Changing the maritime industry – as easy as riding a bike?
Everyone has something they want to do but never did. It could be as small as learning how to play an instrument or as large as moving across the world and changing life paths. For me, it was somewhere in the middle – it was learning how to ride a bike.
While they say riding a bike is easy, this was never the case for me, and somehow, over the past 30 years, I got my feet wet in the ocean, but never placed them on two pedals.
This secret was one I hid well until the COVID-19 crisis came and forced me to acknowledge my lack of bike-riding skills.
As the world slowly entered lockdown this past April, one of the few things citizens could do was exercise outside. In a classic case of a teacher who couldn’t do what they taught, I took this time to teach my kids – aged 4 and 6, how to ride a bike. As my kids reveled in riding along the streets of our neighborhood with their mother, I masterfully changed the subject whenever they asked where my bike was.
This past September, as we faced a second lockdown, I realized that maybe now was the time to get on the horse, or more accurately – a bike.
Maybe it was the idea of another month without school or activities for the kids, or just the lack of mobility and need for exercise, but this time, I was determined to learn how to ride a bike. But how?
It dawned on me that these unprecedented times led to adopting new approaches, and so at the ‘old’ age of 36, I would have to put my pride aside, put my helmet on, and google ‘learning how to ride a bike as an adult.’
I will spare you the stories of me crashing (more than once) in front of strangers and my giggling kids, but I will tell you this – I faced the challenge and realized this old dog could, in fact, learn new tricks.
While I nursed my scrapes, I realized that this lesson was more than one about riding a bike. It was a learning opportunity I could take with me.
The maritime and trade business has seen an increased wave of regulations recently. These regulations closed previous loopholes, and now, shipowners, traders, oil majors, banks, and anyone with interaction in the trading process must change the level of due diligence they perform on every vessel they interact with. Regulators from the U.N., U.K., and U.S. now require validating every vessel, including their behavior and cargo origin, before doing business with them.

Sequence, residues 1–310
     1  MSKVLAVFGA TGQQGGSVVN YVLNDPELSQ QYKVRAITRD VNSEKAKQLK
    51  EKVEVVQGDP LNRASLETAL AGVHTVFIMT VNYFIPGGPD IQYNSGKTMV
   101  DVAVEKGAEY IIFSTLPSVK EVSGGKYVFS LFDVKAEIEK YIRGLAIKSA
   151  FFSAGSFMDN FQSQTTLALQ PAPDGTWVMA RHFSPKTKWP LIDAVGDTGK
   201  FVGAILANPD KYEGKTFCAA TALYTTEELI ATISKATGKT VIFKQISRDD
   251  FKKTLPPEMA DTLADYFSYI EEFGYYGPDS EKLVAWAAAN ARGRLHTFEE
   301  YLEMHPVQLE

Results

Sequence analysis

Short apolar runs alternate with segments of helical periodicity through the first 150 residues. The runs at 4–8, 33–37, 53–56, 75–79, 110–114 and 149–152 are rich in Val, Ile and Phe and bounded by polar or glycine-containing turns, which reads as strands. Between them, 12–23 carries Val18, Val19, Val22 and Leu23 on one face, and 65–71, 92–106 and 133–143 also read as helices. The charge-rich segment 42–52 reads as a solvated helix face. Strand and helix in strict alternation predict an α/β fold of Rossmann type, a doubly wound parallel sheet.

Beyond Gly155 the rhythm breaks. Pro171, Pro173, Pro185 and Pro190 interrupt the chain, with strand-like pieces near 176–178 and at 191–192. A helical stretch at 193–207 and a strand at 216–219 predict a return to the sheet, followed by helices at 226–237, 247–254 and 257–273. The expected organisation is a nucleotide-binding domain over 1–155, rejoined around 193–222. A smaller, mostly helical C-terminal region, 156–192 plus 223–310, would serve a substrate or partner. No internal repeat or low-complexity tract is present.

In addition to the changes in regulations, the FINCEN leaks proved that the due diligence required of banks is at a different sphere than before, and when not applied, it directly influences stock prices. Major banks, including HSBC, Deutsche Bank, and Standard Chartered took a 3%-7% hit on their stock prices immediately following FINCEN leaks, reflecting this.
When you think about it, it makes total sense that we should know who we do business with. Transparency has been common practice in many industries for decades, so why not maritime? Like me, it was probably a combination of ego and old habits.
The second lockdown pushed me in the right direction and gave me the courage to change my ways, so why can’t the regulations do the same for the trade and maritime industry? The truth is, they can. The new regulations should not be viewed as a hindrance to the industry, but as the push that will lead the maritime industry to evolve and embrace modern ways of doing business.
Change is inevitable; the question is how to implement it?
The new way of doing business will necessitate the industry to evolve, adapt, and embrace new approaches. This will ultimately enhance all stakeholders involved in the maritime industry, from ship owners to commodity traders to banks to name a few, as they will all need to adopt A.I. to scale compliance and KYV (Know Your Vessel) to automate due-diligence. Most importantly, they will need to let go of their pride and learn new tricks.
If a 36-year-old can learn how to ride a bike, an organization can learn how to adapt A.I., digitalize processes, and change operational methods. With a little willingness to learn, we may discover that changing the maritime industry is, in fact, as easy as riding a bike.